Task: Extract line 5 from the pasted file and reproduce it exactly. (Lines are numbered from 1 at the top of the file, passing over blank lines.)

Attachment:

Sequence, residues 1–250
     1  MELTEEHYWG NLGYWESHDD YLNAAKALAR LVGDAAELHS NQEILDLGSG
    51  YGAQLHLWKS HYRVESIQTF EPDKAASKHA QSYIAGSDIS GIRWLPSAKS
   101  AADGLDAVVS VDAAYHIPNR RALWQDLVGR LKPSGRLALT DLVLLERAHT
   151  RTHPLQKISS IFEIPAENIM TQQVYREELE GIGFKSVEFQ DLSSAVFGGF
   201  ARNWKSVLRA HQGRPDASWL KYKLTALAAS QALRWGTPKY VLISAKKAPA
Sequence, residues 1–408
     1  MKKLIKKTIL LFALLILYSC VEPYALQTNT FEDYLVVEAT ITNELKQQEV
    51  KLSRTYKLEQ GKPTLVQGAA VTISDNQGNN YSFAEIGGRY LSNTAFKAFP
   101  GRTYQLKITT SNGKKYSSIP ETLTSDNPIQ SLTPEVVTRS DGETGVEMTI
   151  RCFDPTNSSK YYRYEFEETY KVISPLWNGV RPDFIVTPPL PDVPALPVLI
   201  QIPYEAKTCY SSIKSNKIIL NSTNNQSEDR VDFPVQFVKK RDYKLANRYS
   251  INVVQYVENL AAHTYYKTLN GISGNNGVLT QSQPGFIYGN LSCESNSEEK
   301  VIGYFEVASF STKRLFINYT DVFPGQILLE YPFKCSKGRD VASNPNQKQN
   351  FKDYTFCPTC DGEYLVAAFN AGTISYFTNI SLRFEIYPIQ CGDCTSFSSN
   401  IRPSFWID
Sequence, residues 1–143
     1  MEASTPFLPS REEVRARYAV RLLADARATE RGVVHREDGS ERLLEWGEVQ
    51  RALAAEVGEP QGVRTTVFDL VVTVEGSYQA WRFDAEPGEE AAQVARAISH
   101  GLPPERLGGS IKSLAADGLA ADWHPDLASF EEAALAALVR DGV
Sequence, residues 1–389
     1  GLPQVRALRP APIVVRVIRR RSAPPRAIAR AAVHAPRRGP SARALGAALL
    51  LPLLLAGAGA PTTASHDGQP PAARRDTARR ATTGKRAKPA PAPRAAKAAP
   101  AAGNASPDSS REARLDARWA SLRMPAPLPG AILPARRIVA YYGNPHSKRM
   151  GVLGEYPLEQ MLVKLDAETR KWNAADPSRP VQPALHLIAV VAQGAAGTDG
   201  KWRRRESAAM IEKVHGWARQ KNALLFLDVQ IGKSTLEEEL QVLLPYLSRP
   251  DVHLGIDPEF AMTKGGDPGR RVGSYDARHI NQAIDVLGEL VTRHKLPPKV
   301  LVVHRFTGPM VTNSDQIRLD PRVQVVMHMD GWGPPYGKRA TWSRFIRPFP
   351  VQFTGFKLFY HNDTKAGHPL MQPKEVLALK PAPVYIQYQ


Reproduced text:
   151  RTHPLQKISS IFEIPAENIM TQQVYREELE GIGFKSVEFQ DLSSAVFGGF